technical noise measurement question
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 10th January 2008, 11:35 PM #1 cuibono   diyAudio Member     Join Date: May 2006 Location: City of Angles technical noise measurement question Hello all - I asked this in Digital, and got no reply, so maybe I'll get lucky here if I rephrase it: I'm measuring the noise floor of an USB ADC (the zoom H2) with Visual Analyzer, which is a software oscilloscope, with a built in spectrum analyzer. The spectrum analyzer (broadband, 20-20kHz) shows noise down at -120dB all the way across. The scope gives a single number readout of the signal, saying it is about -75dB. How do they get between the two numbers? I'm assuming you have to do some sort of power integration, the math of which is beyond me, but I hope someone could give me a simple explanation of why the numbers are different. But more so, can someone tell me if my noise floor is at -120dB or -75dB? Thanks __________________ double complete rainbow all the way!!
 10th January 2008, 11:45 PM #2 SY   On Hiatus     Join Date: Oct 2002 Location: Chicagoland You have it. The total noise is an RMS summation of the noise energy contained within the specified bandwidth. It's usually calculated by separating the bandwidth into a number of bins of roughly constant noise density, then RMS summing the noise density in each bin times the bin's bandwidth. The other issue is "dB with respect to what." -120dB is probably the noise with respect to full scale of the ADC. -75dB is probably the noise with respect to some signal that the scope is locked into or perhaps with respect to some standard level. I'm just speculating on that, but you do have to be careful to use the same reference in the dB calculations. __________________ "You tell me whar a man gits his corn pone, en I'll tell you what his 'pinions is."
 11th January 2008, 12:32 AM #3 cuibono   diyAudio Member     Join Date: May 2006 Location: City of Angles Thanks! The software seems well designed, but I can't figure its units out - the spectrum analyzer is labeled 'dBpp', and the scope just 'dB'. It seems like dBFS would be the appropriate unit. Also, I clipped the signal at 0dB on the analyzer, suggesting it is showing dBFS, and the scope was showing +/-1, which is either V or %, neither of which quite make sense... __________________ double complete rainbow all the way!!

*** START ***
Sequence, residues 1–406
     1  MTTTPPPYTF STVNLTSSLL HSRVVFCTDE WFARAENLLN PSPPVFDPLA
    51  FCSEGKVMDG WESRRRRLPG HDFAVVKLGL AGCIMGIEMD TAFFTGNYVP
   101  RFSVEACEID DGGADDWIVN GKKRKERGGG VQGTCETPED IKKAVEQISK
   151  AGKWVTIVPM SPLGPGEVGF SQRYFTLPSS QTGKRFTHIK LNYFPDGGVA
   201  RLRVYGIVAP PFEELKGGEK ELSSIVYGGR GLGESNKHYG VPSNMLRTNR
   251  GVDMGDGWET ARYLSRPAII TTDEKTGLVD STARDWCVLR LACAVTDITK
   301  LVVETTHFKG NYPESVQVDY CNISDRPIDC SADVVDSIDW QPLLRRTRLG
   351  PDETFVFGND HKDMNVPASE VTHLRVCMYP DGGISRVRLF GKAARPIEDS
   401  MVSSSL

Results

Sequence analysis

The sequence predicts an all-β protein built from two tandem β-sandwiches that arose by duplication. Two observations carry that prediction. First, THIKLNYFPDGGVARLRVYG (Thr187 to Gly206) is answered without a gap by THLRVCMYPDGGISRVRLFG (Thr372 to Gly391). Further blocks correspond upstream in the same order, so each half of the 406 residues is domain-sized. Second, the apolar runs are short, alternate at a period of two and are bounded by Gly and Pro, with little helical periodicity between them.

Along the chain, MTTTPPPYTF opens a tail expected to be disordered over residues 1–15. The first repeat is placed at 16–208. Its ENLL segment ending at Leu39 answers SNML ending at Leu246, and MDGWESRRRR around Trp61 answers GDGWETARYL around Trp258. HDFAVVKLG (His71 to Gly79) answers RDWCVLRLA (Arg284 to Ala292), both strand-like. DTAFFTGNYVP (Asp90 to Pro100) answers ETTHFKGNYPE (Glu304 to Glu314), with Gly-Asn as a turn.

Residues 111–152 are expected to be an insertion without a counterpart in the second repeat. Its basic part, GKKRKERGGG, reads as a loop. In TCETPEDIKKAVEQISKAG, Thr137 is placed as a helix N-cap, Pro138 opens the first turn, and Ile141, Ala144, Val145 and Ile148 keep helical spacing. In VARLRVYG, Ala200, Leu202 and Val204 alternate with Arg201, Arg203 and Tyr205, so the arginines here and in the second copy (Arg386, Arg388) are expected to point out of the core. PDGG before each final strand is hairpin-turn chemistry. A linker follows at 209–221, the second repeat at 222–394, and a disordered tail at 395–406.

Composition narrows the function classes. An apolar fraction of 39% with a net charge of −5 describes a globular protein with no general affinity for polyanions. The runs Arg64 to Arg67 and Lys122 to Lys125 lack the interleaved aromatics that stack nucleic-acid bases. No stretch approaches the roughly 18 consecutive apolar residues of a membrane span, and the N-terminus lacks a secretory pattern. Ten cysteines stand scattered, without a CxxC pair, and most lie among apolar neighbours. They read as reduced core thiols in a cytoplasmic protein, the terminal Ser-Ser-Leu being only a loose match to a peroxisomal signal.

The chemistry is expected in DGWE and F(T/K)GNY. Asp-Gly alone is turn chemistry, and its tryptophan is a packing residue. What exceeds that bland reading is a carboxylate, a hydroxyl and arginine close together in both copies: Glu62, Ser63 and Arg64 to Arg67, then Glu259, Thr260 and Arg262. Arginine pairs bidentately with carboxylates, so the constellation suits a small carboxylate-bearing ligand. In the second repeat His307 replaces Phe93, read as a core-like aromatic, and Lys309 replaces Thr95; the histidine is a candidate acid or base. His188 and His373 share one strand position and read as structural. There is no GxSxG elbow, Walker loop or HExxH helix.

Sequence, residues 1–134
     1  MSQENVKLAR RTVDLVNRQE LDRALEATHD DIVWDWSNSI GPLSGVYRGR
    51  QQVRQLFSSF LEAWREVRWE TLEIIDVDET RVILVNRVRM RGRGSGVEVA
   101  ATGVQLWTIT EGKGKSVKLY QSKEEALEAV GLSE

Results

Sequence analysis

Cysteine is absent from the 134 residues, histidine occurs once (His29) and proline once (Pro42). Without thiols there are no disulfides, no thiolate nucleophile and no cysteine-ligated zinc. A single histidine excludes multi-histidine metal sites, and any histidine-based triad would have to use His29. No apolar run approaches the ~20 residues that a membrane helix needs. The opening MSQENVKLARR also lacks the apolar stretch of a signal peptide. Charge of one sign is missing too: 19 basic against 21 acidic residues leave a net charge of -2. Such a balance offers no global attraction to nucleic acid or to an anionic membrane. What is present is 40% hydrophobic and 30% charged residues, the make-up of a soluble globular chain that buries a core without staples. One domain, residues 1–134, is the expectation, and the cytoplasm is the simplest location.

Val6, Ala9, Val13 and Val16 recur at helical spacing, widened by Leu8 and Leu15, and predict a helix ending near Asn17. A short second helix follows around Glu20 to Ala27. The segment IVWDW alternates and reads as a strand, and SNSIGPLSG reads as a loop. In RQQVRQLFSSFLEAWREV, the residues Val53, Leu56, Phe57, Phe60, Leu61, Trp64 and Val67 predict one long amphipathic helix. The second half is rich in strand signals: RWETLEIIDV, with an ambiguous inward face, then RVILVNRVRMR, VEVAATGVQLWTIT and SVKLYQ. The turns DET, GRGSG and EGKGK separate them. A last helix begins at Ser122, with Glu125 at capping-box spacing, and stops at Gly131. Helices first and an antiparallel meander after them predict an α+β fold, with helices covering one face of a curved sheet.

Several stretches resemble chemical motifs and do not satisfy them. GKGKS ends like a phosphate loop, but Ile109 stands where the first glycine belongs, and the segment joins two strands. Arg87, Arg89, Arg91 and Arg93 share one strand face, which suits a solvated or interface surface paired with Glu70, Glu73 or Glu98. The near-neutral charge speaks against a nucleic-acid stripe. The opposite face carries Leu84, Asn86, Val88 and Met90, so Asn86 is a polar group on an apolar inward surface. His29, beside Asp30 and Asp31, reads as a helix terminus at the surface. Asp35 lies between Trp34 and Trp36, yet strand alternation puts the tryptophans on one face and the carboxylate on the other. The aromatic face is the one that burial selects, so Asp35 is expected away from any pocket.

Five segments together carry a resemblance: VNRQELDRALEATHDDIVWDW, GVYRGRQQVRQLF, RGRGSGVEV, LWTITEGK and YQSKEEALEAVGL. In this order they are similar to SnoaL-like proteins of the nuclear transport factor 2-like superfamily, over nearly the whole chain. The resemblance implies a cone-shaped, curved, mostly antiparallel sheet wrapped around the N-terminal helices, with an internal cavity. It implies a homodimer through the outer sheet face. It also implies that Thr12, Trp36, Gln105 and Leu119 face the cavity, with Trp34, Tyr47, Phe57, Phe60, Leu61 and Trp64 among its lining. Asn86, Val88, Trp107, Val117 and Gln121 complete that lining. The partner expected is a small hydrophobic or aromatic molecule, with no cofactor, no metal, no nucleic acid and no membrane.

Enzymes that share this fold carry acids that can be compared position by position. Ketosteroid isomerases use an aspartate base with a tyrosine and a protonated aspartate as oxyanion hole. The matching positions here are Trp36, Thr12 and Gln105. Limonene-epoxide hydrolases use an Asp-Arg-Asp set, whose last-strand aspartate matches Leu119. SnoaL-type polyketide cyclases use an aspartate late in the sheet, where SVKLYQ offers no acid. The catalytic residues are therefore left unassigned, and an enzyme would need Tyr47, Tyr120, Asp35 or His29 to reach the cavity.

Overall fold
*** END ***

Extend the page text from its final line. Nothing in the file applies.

11th January 2008, 12:39 AM #4 cuibono   diyAudio Member     Join Date: May 2006 Location: City of Angles Interestingly, the spectrum analyzer noise floor drops when I change the number of samples for the FFT. Maybe that shouldn't be surprising though. My only real concern is if the device under test is too noisy. My standard soundcard shows a noise level of -87dB, and I have had no problems with noise. Now the Zoom H2 (which is incredibly well designed overall) has a noise floor of -75dB, and initial listenings with headphone show an unacceptable level of noise. Where the noise is coming from, I haven't yet determined. By the way, if the noise turns out to not be a problem, I would recommend the H2 highly. It is extremely well thought out, and makes recording very easy. Assuming it all works out, I plan on making my own test recordings - there is no better way to compare the reproduction if you know the original.... __________________ double complete rainbow all the way!!
 17th January 2008, 03:44 AM #6 Iain McNeill   diyAudio Moderator Emeritus     Join Date: Oct 2007 Location: Santa Cruz, California As SY says, the -75dB(FS) is the sum of all the noise from the lowest frequency bin of the FFT (=sample rate / fft size) up to nyquist (=sample rate / 2) As you divide this noise energy into more and more bins you get less and less in each bin. So if you divide the -75dB into 2 bins you'll get -78dB in each (we're talking power so only a 3dB drop), 4 bins -81dB in each etc etc etc. That's why a noise figure only has meaning if you know the bandwidth.
 17th January 2008, 03:48 AM #7 jackinnj   diyAudio Member     Join Date: Apr 2002 Location: Llanddewi Brefi, NJ to get an idea of the noise which is relevant to listening you should download the ITU CCIR ARM-486 paper -- the CCIR curve corresponds most acurately to the annoying aspects of noise (at least according to Dolby) -- and as I have stated on previous occasions, there is a very high R^2 to the pitch used by a screaming wife.
 20th January 2008, 05:08 PM #9 EC8010   diyAudio Moderator Emeritus     Join Date: Jan 2003 Location: Near London. UK It's as well to remember that the only certain thing about a 24 bit ADC is that it produces 24 bits. On most of them, at least the four least significant bits are rubbish. __________________ The loudspeaker: The only commercial Hi-Fi item where a disproportionate part of the budget isn't spent on the box. And the one where it would make a difference...
jackinnj
diyAudio Member

Join Date: Apr 2002
Location: Llanddewi Brefi, NJ
Quote:
 Originally posted by EC8010 It's as well to remember that the only certain thing about a 24 bit ADC is that it produces 24 bits. On most of them, at least the four least significant bits are rubbish.
bit 24 is 59.6nV, bit 23 is 119.2nV -- that's a pretty big gulp of water.

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